Economics of Mozart and Happiness

by Kieran Healy on February 23, 2004

Tyler Cowen “writes”:

bq. Read Michael’s recent treatment of “The Economics of Mozart”: The bottom line? Mozart was a successful commercial entrepreneur. His economic problems stemmed from a war with Turkey, not the failures of the marketplace.

He should definitely have known better than to start a war with Turkey. That whole “abduction from the seraglio”: business was a complete farce. Meanwhile — sorry, I’m not even going to pretend to link these comments — Matt Yglesias “makes the following observation”: about Greg Easterbrook’s _The Progress Paradox_:

bq. The real progress paradox isn’t “why doesn’t all our stuff make us happy” but rather, given that all our stuff pretty clearly doesn’t make us happy, how do we come to have all this stuff.

Which seems about right. An unwillingness to distinguish these two questions — or rather, the decision, for technical purposes, to treat them as if they were the _same_ question — is a hallmark of modern economics. Robert E. Lane has “a book”: that argues this point. Bruno Frey and Alois Stutzer “have a solid rejoinder”: from the economist’s point of view, arguing that money can indeed go a long way towards making you happy — but not as far, surprisingly, as democratic institutions and local political autonomy can.



GMT 02.23.04 at 7:23 pm

< i> how do we come to have all this stuff ?
Because you’ve been had.


George Stewart 02.23.04 at 10:13 pm

Gotama Siddhartha had a better answer than Marx et. al. to Matt’s version of the progress paradox centuries ago.

We _think_ having stuff will make us happy (that’s why we make, sell and buy it); but it doesn’t.

But we’d think it made us happy no matter _what_ economic system we lived in.

All that’s happened in the economic system we do live in is we’re able to produce more stuff more and more cheaply.

The resolution of all this is that it’s actually ok having stuff, so long as you don’t think it’ll make you happy. :-)


drapetomaniac 02.24.04 at 12:00 am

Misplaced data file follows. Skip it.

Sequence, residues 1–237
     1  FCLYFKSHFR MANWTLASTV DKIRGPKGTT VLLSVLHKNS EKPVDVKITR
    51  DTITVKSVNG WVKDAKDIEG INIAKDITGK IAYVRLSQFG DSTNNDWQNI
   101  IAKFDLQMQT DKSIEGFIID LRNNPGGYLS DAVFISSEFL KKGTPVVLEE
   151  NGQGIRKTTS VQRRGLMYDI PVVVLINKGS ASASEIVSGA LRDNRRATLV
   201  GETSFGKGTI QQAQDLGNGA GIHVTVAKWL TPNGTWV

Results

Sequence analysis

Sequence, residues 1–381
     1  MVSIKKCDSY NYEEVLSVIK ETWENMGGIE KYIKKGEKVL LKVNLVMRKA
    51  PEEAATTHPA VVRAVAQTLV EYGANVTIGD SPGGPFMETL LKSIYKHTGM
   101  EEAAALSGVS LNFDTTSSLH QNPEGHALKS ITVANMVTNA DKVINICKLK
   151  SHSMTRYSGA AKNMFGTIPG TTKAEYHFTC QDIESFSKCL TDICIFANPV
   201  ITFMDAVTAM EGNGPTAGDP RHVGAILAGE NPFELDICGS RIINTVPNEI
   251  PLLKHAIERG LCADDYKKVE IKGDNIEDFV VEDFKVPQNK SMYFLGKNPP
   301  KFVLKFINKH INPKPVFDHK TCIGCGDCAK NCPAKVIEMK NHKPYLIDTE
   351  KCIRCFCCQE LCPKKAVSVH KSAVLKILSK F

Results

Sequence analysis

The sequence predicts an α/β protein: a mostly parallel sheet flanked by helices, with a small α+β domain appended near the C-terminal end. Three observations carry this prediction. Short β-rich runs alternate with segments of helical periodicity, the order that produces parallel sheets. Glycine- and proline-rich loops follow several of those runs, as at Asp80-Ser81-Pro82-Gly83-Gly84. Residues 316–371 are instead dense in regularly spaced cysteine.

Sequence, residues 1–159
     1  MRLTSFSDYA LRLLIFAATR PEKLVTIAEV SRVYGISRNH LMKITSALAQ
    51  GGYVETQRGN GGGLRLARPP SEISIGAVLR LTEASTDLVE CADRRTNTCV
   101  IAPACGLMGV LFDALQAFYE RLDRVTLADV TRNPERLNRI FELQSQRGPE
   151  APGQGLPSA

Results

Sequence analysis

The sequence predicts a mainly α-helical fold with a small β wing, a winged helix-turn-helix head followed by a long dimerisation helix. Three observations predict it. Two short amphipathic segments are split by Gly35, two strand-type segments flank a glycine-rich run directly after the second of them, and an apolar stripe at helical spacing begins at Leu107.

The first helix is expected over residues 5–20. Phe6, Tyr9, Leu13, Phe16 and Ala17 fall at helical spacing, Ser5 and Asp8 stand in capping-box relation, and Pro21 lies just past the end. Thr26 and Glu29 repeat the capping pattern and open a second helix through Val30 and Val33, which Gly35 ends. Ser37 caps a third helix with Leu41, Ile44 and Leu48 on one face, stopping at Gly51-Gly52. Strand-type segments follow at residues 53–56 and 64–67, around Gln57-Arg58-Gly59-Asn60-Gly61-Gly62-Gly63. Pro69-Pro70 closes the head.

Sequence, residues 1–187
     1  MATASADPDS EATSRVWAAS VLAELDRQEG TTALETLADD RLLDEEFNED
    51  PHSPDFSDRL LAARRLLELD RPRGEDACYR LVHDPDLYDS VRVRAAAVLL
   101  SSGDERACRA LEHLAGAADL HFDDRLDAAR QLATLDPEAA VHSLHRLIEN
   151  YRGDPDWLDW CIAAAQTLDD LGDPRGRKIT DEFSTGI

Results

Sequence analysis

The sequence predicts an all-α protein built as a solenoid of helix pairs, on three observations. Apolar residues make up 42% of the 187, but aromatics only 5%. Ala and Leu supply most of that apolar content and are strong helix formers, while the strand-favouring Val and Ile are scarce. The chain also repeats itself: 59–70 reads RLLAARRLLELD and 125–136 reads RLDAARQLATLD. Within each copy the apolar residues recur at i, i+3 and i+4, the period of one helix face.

stuff makes me happy. what makes you think stuff doesn’t make people happy?


chris 02.24.04 at 7:44 am

The question is, where does stuff start (or stop)?

Living in a stone house with insulated floors definitely makes me happier than living in an iron age roundhouse. Taking a shower make me happier than freezing my arse off in a hip bath. Central heating makes me ecstatic when I think about hauling coals morning and night.

But a lot of other stuff, agreed, serves no purpose other than to frighten me every time I look at a bank statement. I’ve got rid of some of it. I should probably get rid of a lot more. But where’s the line?


George Stewart 02.24.04 at 9:44 am

It kind of makes you happy, for a wee while; but if you hang _too_ much of your happiness on the getting of external things, then you are to a certain extent not really free inside yourself, not independent. There’s a stronger, more abiding kind of happiness to be had from being internally independent of the getting and having of things. Some people can be happy with a minimum of stuff, like monks, hermits, etc. and While most of us aren’t drawn to that kind of minimalist life, it’s worth having a bit of that kind of independence of things in one’s own life.

Put it this way, I wouldn’t want to not have any stuff, or live in a society where stuff isn’t as abundant as it is in our society. But when I check myself, and if I find myself getting really upset when I _can’t have_ a certain thing, then I know I’m “caught”, trapped in a subtle way.

Get the stuff, have it, enjoy it, but at the same time be internally free of it, be able to drop it with a laugh.


Tom West 02.24.04 at 9:48 am

Perhaps I’ve read too many evo-bio books, but it seems very likely that we’re programmed to want to acquire things (thus improving our survival). Once we’ve acquired it, there’s no reason for biology to have it continue to make us happy.

The trap is that being relatively poorer than our neighbours *does* make us unhappy, and can even endanger our health. Poverty is relative but very real. Those who live substantially less well than their peers almost always have poorer health and are more victimized by crime than those who lived at a similar level years ago. i.e. You’ve got to keep up your consumption or suffer the consequences of poverty.

To be honest, I can’t see any way out of it.


CTD 02.27.04 at 12:14 am

If more stuff won’t make people happy – maybe statist attempts to interfere in the economy (protectionism, redistribution of wealth) at the cost of freedom are wholly ill-advised?

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